Pokémon Ultra Sun/Ultra Moon

Game review by
Chad Sapieha, Common Sense Media
Pokémon Ultra Sun/Ultra Moon Game Poster Image
Updated games have mild violence, mostly good messages.

Parents say

age 7+
Based on 4 reviews

Kids say

age 5+
Based on 3 reviews

A lot or a little?

The parents' guide to what's in this game.

Positive Messages

Basic themes of friendship, teamwork, adventure, personal growth. While characters say they love and care for their Pokémon, they show no hesitation in sending them into battle, where they may get hurt.

Positive Role Models & Representations

Player's customizable character has little personality or backstory, but several non-player characters exhibit a wide range of traits, including kindness, courage, and generosity as well as greed, anger, and jealousy.

Ease of Play

Welcoming to both veterans and rookies, with a gradual learning curve that should allow novices to understand, if not necessarily master, the game's many intricacies before bumping up against some serious challenges.

Violence

Fantasy creatures fight each other by orders of their trainers using magic and melee attacks, resulting in colorful effects, smashing, exploding sounds. Pokémon never die, but losers faint from exhaustion.

Sex
Language
Consumerism

Part of an enormous franchise spanning games, books, comics, TV shows, movies, costumes, toys.

Drinking, Drugs & Smoking

What parents need to know

Parents need to know that Pokémon Ultra Sun and Pokémon Ultra Moon are tweaked versions of Pokémon Sun and Pokémon Moon. Players take control of a customizable young Pokémon trainer who travels across the region of Alola collecting monsters to train and putting them in battle against other monsters. Combat involves a variety of melee and magical attacks, with flashes and sound effects accompanying hits. Pokémon never die, but instead faint and then recuperate. The simple story contains themes of friendship and personal growth, mostly displayed by kind and helpful non-player characters who are part of the story. Combat eventually grows to become challenging, but a gradual learning curve lets rookies get a good feel for how everything works before the game gets too hard.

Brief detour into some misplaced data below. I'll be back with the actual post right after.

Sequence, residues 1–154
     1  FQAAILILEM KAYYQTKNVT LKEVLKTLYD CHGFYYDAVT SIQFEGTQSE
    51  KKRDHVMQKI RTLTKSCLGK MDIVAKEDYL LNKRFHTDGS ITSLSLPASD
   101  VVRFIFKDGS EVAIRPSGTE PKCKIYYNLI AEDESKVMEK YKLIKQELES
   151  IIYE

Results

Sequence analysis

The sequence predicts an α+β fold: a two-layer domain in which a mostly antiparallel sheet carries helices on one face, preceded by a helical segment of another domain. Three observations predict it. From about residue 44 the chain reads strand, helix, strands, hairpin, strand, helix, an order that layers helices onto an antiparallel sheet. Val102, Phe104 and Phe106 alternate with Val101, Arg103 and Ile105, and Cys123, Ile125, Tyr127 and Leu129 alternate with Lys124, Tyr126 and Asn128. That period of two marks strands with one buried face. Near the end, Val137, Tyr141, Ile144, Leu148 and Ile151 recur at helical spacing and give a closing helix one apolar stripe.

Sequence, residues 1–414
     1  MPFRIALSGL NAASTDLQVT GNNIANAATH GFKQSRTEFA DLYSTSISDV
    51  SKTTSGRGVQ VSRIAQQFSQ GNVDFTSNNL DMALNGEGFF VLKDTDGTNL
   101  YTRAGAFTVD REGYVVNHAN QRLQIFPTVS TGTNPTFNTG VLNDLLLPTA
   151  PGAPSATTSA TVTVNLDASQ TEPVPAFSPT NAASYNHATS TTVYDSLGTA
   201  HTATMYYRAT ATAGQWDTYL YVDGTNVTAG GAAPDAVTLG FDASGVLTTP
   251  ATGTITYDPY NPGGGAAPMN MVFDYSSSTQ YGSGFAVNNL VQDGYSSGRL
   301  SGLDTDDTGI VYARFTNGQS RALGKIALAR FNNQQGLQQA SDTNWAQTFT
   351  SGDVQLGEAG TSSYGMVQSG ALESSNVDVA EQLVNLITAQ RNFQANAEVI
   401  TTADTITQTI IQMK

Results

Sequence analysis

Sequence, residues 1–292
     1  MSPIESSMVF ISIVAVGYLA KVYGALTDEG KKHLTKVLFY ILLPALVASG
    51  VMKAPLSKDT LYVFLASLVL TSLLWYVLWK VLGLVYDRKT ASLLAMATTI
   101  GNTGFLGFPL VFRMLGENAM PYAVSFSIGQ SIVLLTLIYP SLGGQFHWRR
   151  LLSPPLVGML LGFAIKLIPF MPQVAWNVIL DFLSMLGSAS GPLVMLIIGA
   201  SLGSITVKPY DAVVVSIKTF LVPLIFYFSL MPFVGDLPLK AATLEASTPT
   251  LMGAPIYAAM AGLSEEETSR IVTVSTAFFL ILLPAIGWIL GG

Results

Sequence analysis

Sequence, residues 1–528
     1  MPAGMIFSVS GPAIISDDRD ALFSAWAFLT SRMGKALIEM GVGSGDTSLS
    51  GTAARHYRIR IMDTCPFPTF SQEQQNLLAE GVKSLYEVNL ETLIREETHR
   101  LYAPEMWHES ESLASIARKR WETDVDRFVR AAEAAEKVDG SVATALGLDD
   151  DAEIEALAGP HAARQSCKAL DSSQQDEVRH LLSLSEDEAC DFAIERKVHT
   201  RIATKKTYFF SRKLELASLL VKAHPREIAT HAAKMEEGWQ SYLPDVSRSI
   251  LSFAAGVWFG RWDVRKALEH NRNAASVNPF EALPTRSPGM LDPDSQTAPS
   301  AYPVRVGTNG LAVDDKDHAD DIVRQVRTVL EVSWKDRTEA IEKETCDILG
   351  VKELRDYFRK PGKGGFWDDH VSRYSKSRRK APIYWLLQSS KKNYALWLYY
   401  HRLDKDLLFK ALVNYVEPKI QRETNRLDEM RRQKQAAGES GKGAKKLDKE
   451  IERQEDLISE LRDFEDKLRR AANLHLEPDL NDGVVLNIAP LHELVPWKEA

User Reviews

  • Parents say
  • Kids say
Adult Written bywill b. March 21, 2018

GOTTA CATCH EM ALL. DO IT NOW

the best game pokemon has realeast
Parent of a 12 year old Written byGhirahim April 26, 2018

The Best Pokémon Games to Date! (This is Coming From A 90’s Kid, Too)

These are easily the best Pokémon games to date! They not on,y have the best story, but the best graphics and the best characters. There is not a single charact... Continue reading
Kid, 11 years old November 28, 2017

i'm the first kid to review

i like this game it is fun and the pokemon don't die then just fall the the ground and pass out.one bad thing is you can't transfer pokemon from pokem... Continue reading
Kid, 10 years old March 18, 2018

Amazing game__cool features

Fun! Every one should play this. Great plot too.

What's it about?